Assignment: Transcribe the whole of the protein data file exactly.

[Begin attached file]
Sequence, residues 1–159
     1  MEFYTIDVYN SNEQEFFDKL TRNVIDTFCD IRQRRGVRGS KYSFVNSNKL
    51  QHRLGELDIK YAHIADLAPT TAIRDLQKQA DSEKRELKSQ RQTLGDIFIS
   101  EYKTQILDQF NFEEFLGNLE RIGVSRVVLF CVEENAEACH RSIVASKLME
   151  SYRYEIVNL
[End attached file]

Sequence, residues 1–159
     1  MEFYTIDVYN SNEQEFFDKL TRNVIDTFCD IRQRRGVRGS KYSFVNSNKL
    51  QHRLGELDIK YAHIADLAPT TAIRDLQKQA DSEKRELKSQ RQTLGDIFIS
   101  EYKTQILDQF NFEEFLGNLE RIGVSRVVLF CVEENAEACH RSIVASKLME
   151  SYRYEIVNL